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Clover rot, an important disease in European red clover crops, is caused by Sclerotinia trifoliorum or Sclerotinia sclerotiorum. Until today, little is known about the variation in aggressiveness among Sclerotinia isolates from red clover. Red clover cultivars are known to differ in susceptibility to clover rot, but few previous studies have phenotyped diverse red clover collections. It is unclear whether cultivars are generally more susceptible than wild accessions or landraces. Moreover, the relations between susceptibility to clover rot and other diseases have never been studied before. In this research we compared the aggressiveness of 30 Sclerotinia isolates from 25 locations in Europe. Aggressiveness was assessed in vitro on detached leaves from five genotypes and in a greenhouse on young plants from five cultivars. In a second part, we evaluated a diverse collection of 122 red clover accessions on the field. Susceptibility to mildew (Erysiphe polygoni) and rust disease (Uromyces trifolii) were scored visually on the field, along with other important traits such as plant yield, crown branching and flowering date. A similar series of accessions were scored for clover rot susceptibility in the greenhouse by inoculating young plants with ascospores from five aggressive Sclerotinia isolates. The susceptibility of cultivars was compared with wild accessions and landraces, and diploid and tetraploid accessions were compared. Correlations were estimated between susceptibility to clover rot and the other scored traits. Our 30 isolates differed significantly in aggressiveness. The most aggressive isolates were selected to screen our collection of red clover germplasm. Accessions differed in susceptibility to clover rot but no accession proved completely resistant. Diploid accessions were on average more susceptible than tetraploid accessions and cultivars were on average more resistant than wild accessions or landraces. Resistance to clover rot was negatively correlated with plant yield and resistance to rust disease. More resistant accessions can be used as starting material for resistance breeding, yet plant yield and susceptibility to rust disease should be carefully monitored when breeding for clover rot resistance.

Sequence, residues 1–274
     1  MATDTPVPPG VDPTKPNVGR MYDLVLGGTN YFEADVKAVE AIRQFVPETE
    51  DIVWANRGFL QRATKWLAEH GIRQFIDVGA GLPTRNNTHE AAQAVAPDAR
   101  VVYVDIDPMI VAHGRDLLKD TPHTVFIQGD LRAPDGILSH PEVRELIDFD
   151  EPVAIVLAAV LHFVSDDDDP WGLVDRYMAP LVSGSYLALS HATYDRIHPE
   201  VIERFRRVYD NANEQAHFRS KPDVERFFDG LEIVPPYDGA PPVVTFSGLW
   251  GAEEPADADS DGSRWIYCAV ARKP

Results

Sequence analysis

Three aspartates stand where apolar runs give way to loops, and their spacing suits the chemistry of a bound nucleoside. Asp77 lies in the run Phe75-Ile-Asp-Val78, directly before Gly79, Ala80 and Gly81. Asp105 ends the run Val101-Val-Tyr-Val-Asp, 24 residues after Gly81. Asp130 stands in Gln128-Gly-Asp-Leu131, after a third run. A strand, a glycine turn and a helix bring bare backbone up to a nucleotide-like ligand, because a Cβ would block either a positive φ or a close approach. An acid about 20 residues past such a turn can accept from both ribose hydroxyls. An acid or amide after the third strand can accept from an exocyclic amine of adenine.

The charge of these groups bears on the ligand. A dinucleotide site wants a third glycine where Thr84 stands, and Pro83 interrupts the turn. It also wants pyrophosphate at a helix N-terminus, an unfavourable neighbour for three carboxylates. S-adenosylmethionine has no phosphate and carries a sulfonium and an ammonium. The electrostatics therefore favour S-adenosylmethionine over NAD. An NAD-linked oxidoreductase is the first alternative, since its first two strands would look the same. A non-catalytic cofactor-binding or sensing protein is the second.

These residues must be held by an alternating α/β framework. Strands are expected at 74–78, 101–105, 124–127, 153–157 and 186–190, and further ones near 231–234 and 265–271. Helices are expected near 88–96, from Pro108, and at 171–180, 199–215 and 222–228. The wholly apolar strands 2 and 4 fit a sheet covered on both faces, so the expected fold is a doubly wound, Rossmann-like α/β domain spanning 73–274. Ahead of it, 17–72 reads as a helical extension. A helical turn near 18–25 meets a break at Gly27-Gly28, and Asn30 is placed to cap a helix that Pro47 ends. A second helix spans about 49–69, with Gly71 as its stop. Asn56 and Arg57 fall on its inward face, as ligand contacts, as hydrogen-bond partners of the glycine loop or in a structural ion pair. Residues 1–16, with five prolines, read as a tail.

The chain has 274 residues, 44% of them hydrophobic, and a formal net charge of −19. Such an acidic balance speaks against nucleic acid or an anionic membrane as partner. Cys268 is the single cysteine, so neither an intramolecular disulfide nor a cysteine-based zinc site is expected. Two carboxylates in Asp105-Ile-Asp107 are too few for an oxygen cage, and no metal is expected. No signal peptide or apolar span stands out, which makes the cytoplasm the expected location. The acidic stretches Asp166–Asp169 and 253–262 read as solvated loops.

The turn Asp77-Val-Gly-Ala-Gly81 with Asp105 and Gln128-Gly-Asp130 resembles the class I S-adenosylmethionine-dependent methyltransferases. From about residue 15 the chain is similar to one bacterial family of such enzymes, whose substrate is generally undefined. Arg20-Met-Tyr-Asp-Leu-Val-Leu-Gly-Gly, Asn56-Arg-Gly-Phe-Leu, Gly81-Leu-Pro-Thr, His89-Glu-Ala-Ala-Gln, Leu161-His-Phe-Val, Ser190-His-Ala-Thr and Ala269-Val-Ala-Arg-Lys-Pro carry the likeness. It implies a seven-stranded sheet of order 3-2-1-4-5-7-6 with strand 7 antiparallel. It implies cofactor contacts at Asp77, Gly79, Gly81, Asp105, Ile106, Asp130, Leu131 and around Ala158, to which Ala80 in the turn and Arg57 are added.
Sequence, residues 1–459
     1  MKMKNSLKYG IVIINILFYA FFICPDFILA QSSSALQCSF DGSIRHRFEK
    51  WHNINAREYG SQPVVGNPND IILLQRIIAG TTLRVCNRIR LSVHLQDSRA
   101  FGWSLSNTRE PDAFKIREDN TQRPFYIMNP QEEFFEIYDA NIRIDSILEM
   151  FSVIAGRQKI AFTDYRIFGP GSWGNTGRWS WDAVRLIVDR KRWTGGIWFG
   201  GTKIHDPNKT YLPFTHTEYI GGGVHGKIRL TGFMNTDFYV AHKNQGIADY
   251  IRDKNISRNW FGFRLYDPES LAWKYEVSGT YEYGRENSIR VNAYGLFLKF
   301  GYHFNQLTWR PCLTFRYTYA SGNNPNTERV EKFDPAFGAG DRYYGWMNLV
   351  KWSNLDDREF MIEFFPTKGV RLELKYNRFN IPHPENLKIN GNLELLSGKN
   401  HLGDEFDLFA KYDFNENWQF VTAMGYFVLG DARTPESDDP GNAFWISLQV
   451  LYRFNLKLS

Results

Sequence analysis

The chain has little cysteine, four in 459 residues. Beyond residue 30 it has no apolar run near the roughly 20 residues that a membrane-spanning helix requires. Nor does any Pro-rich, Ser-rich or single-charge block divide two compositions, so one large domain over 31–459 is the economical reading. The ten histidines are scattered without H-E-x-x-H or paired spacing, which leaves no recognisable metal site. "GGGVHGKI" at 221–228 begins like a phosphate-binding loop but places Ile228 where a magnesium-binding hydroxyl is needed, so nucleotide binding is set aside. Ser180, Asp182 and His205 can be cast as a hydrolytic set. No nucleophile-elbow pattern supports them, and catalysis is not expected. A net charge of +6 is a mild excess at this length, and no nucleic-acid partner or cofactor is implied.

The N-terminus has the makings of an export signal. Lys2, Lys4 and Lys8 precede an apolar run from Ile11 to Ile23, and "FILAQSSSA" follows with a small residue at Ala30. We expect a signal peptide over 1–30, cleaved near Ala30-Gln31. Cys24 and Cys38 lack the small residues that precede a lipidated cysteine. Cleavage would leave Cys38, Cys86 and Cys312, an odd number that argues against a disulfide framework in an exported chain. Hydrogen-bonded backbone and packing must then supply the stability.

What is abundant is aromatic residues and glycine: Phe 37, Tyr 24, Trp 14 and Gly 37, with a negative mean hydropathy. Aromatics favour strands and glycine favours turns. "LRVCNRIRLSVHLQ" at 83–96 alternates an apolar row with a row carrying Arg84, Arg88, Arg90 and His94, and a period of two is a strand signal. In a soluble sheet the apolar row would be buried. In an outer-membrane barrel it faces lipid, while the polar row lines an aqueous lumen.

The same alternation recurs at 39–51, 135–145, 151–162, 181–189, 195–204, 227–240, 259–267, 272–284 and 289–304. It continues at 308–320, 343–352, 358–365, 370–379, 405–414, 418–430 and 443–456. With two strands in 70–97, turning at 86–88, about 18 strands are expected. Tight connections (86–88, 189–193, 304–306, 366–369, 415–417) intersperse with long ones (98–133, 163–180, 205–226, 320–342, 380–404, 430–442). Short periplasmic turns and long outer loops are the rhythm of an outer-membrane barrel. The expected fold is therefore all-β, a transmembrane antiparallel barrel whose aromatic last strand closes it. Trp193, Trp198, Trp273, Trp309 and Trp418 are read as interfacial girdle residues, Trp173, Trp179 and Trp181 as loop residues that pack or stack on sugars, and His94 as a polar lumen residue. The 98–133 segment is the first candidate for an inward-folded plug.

|Titel||Eucarpia 2013 Quantitative Traits Breeding for Multifunctional Grasslands and Turf: Book of Abstracts|
|Publicatiestatus||Gepubliceerd - 2013|
|Evenement||30th Eucarpia Fodder Crops and Amenity Grasses Section Meeting - Vrnjacka banja, Servië|
Duur: 12-mei-2013 → 16-mei-2013